Commodity decline should slow GDP in 2023

The shock of rising commodities in recent months should serve as a boost to Brazil’s economy this year, because of exports and their financial effects. The wind, however, could change in 2023. Several economists consider in their medium-term scenarios a loss of breath in quotes next year.

A World Bank report projects relief in raw material prices in 2023 and 2024. In the bank’s projections, energy commodities should decline, on average, 12.4% in 2023 and 11.9% in 2024. “Non-energy commodities” are expected to fall by an average of 8.8% next year and 3.2% in 2024.

Along the same lines, Bradesco projects a scenario of pressured commodity prices in the short term, but with relief in the medium term. In the accounts of economists Thiago Angelis and Myriã Bast, who signed the report, global prices of raw materials are on average 35% above the values ​​indicated by the fundamentals of the global economy, such as supply and demand.

Recent scenario revisions cited moderation in commodity prices starting in 2023. Last month, Itaú revised its 2022 economic growth forecast to 1%, compared to 0.2% previously estimated, but lowered the 2023 estimate. to 0.2%, compared to 0.5% previously, “taking into account higher interest rates and the expectation of some drop in commodity prices”.

MB Associados made a similar move. It raised this year’s growth forecast from zero to 0.5%, but cut the 2023 estimate also to 0.5%, from the 1.2% previously projected. The expected loss of strength in commodity prices is one of the elements that led the chief economist of MB Associados, Sergio Vale, to reduce the projection for next year.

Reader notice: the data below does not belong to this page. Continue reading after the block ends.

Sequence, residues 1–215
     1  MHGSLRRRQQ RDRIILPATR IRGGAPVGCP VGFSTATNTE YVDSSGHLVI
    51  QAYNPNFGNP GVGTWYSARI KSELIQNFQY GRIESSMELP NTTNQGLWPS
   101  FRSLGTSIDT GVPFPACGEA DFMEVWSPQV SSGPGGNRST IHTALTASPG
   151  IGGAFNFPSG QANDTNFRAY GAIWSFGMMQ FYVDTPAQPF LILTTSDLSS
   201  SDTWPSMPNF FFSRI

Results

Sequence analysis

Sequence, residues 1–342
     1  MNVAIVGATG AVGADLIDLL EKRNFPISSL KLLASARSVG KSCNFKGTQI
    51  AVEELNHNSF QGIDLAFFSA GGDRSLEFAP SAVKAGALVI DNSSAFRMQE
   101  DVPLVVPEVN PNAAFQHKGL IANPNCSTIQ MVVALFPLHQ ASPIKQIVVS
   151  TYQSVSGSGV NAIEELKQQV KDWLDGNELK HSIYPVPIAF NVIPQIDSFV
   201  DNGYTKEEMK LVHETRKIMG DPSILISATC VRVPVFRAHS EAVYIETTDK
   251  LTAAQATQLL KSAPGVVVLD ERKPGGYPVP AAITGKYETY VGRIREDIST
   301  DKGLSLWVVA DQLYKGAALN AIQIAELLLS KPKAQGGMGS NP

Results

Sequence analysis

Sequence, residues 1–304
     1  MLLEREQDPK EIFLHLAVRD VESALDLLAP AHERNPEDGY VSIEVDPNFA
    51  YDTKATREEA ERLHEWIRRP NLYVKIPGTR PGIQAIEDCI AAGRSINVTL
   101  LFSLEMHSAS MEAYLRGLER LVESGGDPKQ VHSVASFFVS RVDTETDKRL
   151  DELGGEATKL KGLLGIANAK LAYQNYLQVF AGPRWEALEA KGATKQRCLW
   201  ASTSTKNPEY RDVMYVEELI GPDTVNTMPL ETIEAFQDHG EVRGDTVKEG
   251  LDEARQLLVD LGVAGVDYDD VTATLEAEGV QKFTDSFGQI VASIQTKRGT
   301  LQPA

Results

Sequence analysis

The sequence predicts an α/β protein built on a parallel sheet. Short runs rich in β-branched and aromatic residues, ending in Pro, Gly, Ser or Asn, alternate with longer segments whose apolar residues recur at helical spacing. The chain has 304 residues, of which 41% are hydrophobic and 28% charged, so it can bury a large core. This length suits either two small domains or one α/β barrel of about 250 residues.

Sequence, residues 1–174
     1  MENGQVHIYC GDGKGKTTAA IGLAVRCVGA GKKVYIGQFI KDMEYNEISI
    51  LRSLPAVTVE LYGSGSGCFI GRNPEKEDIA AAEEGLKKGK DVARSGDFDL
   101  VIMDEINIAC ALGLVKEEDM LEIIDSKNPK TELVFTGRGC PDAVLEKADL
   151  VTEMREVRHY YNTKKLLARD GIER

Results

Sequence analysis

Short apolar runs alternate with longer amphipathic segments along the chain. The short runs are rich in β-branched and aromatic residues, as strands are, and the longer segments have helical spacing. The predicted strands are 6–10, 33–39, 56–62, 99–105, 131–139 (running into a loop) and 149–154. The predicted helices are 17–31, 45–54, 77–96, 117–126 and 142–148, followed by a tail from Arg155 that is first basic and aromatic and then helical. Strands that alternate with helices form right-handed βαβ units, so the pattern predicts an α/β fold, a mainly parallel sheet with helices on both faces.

“There are two central elements, one domestic and one external, to justify this weak growth next year. The external one is weaker growth, an American economy perhaps in recession. This would already throw commodity prices down,” said Vale. “In here, we have an interest rate scenario.”


More optimistic, the Institute of Applied Economic Research (Ipea) estimates economic growth of 1.1% in 2022, followed by an advance of 1.7% in 2023. The scenario considers the normalization of commodity prices after the resolution of the conflict in Ukraine, the maintenance of public debt sustainability and the improvement of the pandemic, explained Francisco Luna, director of IPEA.

“The 2022 scenario considers that the war in Ukraine will have an (upward) effect on commodity prices. In 2023, we consider that the war will end as a reference scenario. Our projection considers commodities with normal prices”, he says. According to Luna, the cooling in commodity prices no longer leverages producing and exporting segments, but, on the other hand, may allow inflation to converge to the target pursued by the Central Bank in 2023, opening space for reductions in the basic interest rate.

Following this reasoning, Bráulio Borges, an economist at LCA, sees a positive balance in the medium term. In the short term, he says, the downward correction in quotations is unfavorable for activity, but, later, it can favor growth if it is accompanied by a easing in monetary policy.

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